YEARS ago, at the beginning of my tenure as secretary-general, I made use of the hospitable columns of Lloyd’s List to send a message to the maritime community. This time, I do the same as the year is coming to a close and with it my time as secretary-general.
Predictably, my message has the character of a farewell.
During my many years in the service of the International Maritime Organization and, in particular, during my time as secretary-general, I have been afforded many unique opportunities for which I consider myself extremely fortunate.
I have travelled a great deal; visited countries, attended meetings, delivered speeches, laid foundation stones for training institutes and commissioned rescue co-ordination centres.
I have visited missions to seafarers, conferred with people in hostels, addressed cadets at naval and maritime colleges, met dignitaries and people from all walks of life. I have exchanged views with maritime experts, enriching my knowledge and experiences of the mysteries and intricacies of the wonderful, multi-faceted world that is shipping.
Above all, my greatest reward has been to meet people. To share experiences and concerns, exchange views and ideas.
To discuss — and agree — how to move things forward, how to add stones, no matter how big or small, to the edifice of understanding and reconciliation. To bridge gaps and build bridges.
The IMO appetite for reconciliation and the thirst for consensus-made decisions has been evidenced on many occasions. It has drawn the admiration of many, and not necessarily those who spend most of their working life in the confines of the Albert Embankment.
Reporting a recent example of members putting aside political differences to reach optimal technical solutions, even this esteemed newspaper was moved to observe that such attitudes “represented the IMO at its best, with its intended focus on technical safety issues so that wider political differences between states are put aside in the pursuit of improved maritime safety, even if there are genuine disagreements over some aspects. It might be too much to expect political adversaries to be on the same side in the other UN forums, but some people might say it shows how the global village of shipping can rise above the partisan political fray”.
That is a testimony that gives me enormous satisfaction; that sums up what I have long been striving for.
Another source of immeasurable pleasure to me has been my association with the World Maritime University and the International Maritime Law Institute, which I have served as chancellor and chairman of the governing board, respectively.
Ensuring they both operate on solid ground, both from the academic and financial viewpoints, has not been easy. But I believe they are now well-equipped to function even better in the future.
Meeting graduates of these fine institutes around the world, seeing them prosper in their respective fields in the service of shipping, has always given me enormous pleasure.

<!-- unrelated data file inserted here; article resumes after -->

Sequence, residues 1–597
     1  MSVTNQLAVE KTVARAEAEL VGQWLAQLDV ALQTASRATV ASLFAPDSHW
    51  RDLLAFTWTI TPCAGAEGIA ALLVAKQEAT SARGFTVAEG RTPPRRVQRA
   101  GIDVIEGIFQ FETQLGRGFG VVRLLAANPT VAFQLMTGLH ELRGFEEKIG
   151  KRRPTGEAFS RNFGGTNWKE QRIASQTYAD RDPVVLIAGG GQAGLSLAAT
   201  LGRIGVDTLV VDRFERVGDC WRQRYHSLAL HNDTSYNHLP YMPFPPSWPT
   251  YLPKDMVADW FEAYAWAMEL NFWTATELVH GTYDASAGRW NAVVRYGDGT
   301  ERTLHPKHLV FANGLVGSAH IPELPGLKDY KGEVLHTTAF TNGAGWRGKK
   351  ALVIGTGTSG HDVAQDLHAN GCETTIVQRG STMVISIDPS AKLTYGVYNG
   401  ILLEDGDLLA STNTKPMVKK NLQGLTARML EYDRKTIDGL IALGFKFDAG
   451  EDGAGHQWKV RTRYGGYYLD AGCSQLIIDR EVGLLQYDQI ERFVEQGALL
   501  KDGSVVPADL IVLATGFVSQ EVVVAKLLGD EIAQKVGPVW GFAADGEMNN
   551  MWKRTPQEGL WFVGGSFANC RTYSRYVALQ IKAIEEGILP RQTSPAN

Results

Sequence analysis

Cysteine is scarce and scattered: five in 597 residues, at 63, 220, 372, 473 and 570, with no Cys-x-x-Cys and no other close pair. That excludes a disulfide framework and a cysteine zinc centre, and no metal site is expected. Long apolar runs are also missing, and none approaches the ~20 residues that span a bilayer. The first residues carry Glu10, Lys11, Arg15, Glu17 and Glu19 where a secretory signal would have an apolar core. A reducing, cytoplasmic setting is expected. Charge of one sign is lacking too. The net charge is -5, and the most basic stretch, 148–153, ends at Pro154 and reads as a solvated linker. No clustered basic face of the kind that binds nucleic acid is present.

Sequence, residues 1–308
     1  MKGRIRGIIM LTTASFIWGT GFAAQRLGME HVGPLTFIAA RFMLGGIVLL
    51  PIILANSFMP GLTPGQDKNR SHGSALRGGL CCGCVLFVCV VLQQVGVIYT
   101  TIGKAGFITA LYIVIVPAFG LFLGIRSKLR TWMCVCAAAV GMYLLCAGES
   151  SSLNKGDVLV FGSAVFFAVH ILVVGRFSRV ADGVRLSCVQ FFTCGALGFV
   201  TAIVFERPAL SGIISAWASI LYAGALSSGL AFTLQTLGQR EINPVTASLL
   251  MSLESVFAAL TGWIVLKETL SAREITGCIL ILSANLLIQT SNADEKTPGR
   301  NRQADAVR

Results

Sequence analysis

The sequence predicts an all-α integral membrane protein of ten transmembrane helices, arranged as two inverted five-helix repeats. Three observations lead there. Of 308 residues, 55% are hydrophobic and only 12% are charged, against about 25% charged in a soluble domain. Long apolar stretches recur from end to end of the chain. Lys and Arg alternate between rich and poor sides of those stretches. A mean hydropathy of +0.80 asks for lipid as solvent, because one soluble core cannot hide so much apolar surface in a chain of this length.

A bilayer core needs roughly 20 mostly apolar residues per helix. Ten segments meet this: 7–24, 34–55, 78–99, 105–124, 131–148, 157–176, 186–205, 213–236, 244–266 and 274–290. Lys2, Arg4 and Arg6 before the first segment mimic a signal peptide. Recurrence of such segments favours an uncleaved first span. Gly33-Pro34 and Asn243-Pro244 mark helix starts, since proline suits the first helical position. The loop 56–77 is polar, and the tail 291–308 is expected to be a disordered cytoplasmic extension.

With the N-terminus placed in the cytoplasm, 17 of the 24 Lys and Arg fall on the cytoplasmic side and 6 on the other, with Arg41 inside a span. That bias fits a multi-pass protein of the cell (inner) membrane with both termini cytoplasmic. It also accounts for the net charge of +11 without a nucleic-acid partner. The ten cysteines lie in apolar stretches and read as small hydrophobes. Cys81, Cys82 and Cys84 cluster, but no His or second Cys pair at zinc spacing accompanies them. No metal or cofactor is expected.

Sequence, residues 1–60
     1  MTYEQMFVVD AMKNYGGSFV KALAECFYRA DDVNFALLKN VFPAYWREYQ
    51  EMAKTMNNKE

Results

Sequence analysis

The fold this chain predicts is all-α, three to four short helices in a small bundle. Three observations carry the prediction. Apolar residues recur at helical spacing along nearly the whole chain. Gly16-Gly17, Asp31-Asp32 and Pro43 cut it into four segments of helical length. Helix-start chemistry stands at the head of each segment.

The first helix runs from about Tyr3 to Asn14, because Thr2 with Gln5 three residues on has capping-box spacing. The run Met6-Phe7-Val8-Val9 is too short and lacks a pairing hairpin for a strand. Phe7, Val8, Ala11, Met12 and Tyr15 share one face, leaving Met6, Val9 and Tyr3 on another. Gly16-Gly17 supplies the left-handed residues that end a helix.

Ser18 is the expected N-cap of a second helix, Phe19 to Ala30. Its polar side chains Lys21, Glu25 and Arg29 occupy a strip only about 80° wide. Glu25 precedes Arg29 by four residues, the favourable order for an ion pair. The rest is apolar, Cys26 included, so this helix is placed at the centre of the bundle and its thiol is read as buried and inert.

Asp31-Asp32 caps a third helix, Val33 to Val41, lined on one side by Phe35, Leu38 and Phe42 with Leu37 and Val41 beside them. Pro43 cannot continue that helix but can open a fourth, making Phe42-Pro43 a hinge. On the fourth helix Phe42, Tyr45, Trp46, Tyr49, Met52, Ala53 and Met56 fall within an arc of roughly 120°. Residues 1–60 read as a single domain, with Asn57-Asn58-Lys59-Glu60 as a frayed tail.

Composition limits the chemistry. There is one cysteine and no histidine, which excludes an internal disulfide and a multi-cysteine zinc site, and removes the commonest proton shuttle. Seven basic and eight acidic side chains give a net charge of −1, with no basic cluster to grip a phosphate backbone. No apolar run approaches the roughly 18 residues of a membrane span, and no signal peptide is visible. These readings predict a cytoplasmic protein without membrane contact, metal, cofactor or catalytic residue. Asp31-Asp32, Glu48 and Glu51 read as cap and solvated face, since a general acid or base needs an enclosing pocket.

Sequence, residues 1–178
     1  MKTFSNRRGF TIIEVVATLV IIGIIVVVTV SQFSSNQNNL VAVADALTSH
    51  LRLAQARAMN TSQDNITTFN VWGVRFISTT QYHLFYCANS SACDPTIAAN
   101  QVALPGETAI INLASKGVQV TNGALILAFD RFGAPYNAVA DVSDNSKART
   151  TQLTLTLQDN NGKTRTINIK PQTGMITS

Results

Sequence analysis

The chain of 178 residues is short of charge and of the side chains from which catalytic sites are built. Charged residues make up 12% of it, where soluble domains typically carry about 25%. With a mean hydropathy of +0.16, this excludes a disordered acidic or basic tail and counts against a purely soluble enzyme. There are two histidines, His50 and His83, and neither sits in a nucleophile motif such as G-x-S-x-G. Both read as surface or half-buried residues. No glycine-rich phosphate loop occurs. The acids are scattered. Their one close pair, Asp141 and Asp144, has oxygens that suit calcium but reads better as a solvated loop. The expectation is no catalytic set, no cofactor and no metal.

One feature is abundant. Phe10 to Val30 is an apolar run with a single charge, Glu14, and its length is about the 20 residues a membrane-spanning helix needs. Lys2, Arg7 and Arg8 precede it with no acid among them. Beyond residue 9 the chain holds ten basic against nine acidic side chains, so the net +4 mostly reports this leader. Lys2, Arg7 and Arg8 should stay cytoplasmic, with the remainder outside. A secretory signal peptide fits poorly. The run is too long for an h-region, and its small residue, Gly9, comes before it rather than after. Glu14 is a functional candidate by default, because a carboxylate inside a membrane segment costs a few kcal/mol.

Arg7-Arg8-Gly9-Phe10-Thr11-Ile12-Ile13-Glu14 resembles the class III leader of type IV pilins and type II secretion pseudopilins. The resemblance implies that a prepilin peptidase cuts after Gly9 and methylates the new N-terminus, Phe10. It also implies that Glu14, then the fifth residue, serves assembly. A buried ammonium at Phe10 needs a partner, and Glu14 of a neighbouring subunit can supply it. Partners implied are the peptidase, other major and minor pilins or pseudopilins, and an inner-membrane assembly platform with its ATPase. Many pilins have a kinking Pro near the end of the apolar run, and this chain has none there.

It has also given me enormous joy and satisfaction to witness the tremendous changes and developments in shipping over the last 50 years and to be able to watch, from the vantage position that is the IMO, the progress it has continuously made in serving the largest percentage of the transport needs of mankind — in particular, its improving safety record and the continuous reduction in pollution of the marine environment.
As one would expect, it has not always been plain sailing. During these long years, we have suffered some serious accidents with heavy loss of life and environmental disasters. Our response has always been prompt, decisive, comprehensive and thorough.
The results are there for all to see.
On a personal level, I have been fortunate enough to see one of my dreams made reality: an organisation capable of making decisions by consensus and delivering on its mandate in the service of safety of life at sea, maritime security, efficiency of navigation and protection and preservation of the marine environment.
I sincerely hope that next year’s work on market-based measures to add their contribution to the world’s efforts to stem climate change will be concluded by consensus decisions.
Throughout my long career, I sought to add my modest contribution to the IMO’s mission to achieve a comprehensive, co-ordinated approach to the regulation of safety and security in maritime transportation and to the shipping industry’s environmental standards.
Whether I succeeded in this is, of course, for others to judge.
It has, however, been a source of immense satisfaction for me to see how, during that time — indeed over many decades — shipping has become measurably safer, cleaner and more cost-effective.
I have no doubt that the good results that have been achieved should be attributed to the efficiency of IMO legislation and the largely consensual manner in which it has been developed; not forgetting, of course, the robust implementation and enforcement of the IMO’s standards by governments and the industry alike.
That said, we should never allow ourselves to rest on our laurels or become complacent in any way. Much remains to be done and challenges come our way every day. Let us turn them into opportunities for even better results and move on. There is no end to the road.
Merry Christmas to all and a happy new year. May, in its course, all the seafarers held captive by pirates in Somalia be released unharmed and returned to their families.
Goodbye and au revoir.